10 Best Open Source Password Managers in 2023
While open source password managers have many benefits — including being transparent with your data, highly customizable, and generally free or cost-effective — you can’t trust everyone out there to be equally as good.
Finding the best password manager in a crowded market can be daunting, so I tried over 25 open-source password managers and shortlisted 10 of my favorites. I tested each one’s security, device compatibility, extra features, and more.
Security is my main concern when choosing a password manager, but I also like them to be easy to use across all my devices. Therefore, I also shortlisted some great premium password managers, such as 1Password, which are easy to use, comes with helpful security and extra features, and are decently priced.
Quick Guide: Best Open Source Password Managers in 2023
- KeePass — Portable password manager that doesn’t need to be installed. You can use it for free for a lifetime.
- Clipperz — Supports mobile browsers but lacks advanced features.
- Passbolt — User-friendly interface, but it’s geared towards enterprises rather than individual users.
- Padloc — Lets you save passwords in categories but lacks advanced tools like a password auditor and generator.
- Bitwarden — Provides decent auto-fill features, but you can’t save a lot of personal details for filling out complex web forms.
- LessPass — Let’s you self-host a server on which you can share passwords, but it doesn’t use any encryption protocol.
- Psono — Offers excellent encryption and multi-factor authentication, but it can be complicated to use for beginner users.
- RatticDB — Makes password sharing easy but doesn’t have any encryption protocol built into its app.
- Password Safe — Includes pre-built templates for storing passwords and sensitive data but doesn’t include a password auditor and many other advanced features.
- Encryptr — Uses 256-bit encryption, but you can only save 3 types of data, so its auto-fill capabilities are below average.
Bonus: Plus the best premium passwords. Jump to see my top 3 choices.
The Best Open Source Password Managers — Full Test Results in February 2023
1. KeePass — Requires No Installation
Dominik Reichl developed KeePass in 2003. It’s a Windows-based manager that also offers compatibility with Linux and macOS. It utilizes bank-level encryption two-factor authentication (2FA), supports multiple options for database imports and exports, and offers a high degree of customizability.
I liked that it includes a feature that lets you have searchable password groups, but what impressed me more was its powerful password generator.
The best thing about KeePass is that it doesn’t need to be installed. The software is portable, which means you can carry it with you on a USB or a portable hard drive, as the entire database is stored in a single file, making data transfer truly hassle-free.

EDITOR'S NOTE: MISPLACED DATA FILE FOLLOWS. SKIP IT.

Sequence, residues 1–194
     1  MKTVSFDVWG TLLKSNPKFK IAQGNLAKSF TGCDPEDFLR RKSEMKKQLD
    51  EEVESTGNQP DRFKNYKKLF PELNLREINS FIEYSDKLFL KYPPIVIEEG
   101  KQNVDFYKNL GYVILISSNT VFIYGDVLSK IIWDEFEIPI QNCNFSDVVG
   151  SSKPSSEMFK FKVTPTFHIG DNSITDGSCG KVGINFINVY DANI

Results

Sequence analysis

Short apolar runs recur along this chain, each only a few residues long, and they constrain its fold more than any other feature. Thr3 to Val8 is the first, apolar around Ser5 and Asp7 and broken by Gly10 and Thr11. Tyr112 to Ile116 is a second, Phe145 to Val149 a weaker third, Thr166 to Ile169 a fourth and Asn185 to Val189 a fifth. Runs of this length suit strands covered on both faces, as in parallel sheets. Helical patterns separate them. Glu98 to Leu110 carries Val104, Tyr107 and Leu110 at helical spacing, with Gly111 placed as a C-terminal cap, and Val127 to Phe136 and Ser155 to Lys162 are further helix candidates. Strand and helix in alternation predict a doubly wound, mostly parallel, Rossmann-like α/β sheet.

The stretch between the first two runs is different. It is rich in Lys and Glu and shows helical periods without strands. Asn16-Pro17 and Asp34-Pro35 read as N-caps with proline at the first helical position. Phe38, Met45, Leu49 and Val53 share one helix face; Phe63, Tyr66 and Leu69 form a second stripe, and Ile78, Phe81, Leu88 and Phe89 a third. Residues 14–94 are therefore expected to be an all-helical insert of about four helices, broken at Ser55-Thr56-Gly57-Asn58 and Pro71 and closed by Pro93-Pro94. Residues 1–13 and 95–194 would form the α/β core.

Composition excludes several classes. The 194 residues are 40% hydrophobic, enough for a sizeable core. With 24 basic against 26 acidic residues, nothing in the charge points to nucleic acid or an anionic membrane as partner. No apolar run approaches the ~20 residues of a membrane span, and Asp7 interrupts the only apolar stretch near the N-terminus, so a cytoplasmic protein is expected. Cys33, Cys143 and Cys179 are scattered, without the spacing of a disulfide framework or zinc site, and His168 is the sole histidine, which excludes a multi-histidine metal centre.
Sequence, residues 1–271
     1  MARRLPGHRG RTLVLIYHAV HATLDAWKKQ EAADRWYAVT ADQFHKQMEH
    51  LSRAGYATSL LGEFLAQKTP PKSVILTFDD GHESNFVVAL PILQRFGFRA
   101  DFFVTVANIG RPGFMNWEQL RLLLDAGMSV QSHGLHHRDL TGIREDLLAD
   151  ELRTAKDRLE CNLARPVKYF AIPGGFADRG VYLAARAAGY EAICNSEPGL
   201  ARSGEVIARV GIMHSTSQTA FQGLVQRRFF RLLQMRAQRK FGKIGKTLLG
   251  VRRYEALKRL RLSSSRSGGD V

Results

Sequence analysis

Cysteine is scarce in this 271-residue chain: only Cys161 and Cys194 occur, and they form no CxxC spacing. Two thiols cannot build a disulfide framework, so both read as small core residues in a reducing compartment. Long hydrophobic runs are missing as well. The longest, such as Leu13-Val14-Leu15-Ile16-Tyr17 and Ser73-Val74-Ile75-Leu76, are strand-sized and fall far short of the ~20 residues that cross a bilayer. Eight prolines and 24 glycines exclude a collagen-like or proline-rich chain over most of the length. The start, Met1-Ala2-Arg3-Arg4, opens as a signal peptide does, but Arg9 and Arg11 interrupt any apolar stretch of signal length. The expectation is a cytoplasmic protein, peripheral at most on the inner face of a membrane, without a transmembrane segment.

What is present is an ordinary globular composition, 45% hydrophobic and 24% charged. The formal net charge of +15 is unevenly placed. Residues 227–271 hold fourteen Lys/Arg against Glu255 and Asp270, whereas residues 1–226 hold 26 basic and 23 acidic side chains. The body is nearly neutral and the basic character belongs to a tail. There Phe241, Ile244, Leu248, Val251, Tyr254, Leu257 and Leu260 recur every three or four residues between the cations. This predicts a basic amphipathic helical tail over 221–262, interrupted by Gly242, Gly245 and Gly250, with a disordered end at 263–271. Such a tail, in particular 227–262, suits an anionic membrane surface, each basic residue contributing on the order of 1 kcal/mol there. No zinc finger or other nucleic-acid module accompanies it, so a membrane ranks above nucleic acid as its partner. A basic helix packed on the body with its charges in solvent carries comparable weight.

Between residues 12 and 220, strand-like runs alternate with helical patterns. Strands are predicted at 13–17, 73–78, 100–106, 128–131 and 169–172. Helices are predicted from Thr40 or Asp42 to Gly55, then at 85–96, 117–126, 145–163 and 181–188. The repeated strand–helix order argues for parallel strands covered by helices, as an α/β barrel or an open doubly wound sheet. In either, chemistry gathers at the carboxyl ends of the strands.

2. Clipperz — Compatible With Mobile Browsers
Clipperz is a web-based password manager that uses 128-bit cryptographic encryption to protect your data. Encryption occurs locally, meaning the data is encrypted on your device, so only you have the encryption key to access it.
Clipperz’s unique selling point is its compatibility with a range of mobile browsers. I easily accessed my password vault using Safari on my iPhone. Not only that, you’ll get all the features on your mobile as you would using your desktop or Mac.
Clipperz has a swift authentication process, and I was in my password vault within seconds of opening the app. It has the ease-of-use and platform support that you would expect from a top-of-the-line premium password manager like Dashlane.
3. Passbolt — User-Friendly Interface
The first thing I noticed about Passbolt was its similar user interface to LastPass, one of the most renowned password managers in the industry. It has a clean dashboard with all the nifty tools and features you need on a single screen, making it one of the best options for beginner users.
However, Passbolt’s target audience is enterprise users, and most of its features are suitable for teams rather than individual users. Despite that, all your stored passwords are entirely searchable and editable. It also lets you share them with trusted people or copy them to your clipboard.
I enjoyed using its in-built password generator and password auditor tools, which helped me secure my online accounts by generating strong passwords. But if you’re looking for an equally easy-to-use password manager with many great features for individuals and enterprise users, I recommend looking at one of these options instead.
4. Padloc — Lets You Store Passwords by Category
Padloc thrives on simplicity, which is why it doesn’t have many unnecessary features like other open-source password managers. It has well-equipped apps on Windows, macOS, iOS, and Android, all of which comprise more or less the same features packed inside a clean and organized user interface.
I liked that I could store my passwords on Padloc category-wise. For example, my credit card details and PayPal credentials appeared under the “Finance” tab, whereas my computer’s login details were tagged as “Private.” Padloc’s password categorization helped me find passwords easily without having to scroll through the entire list.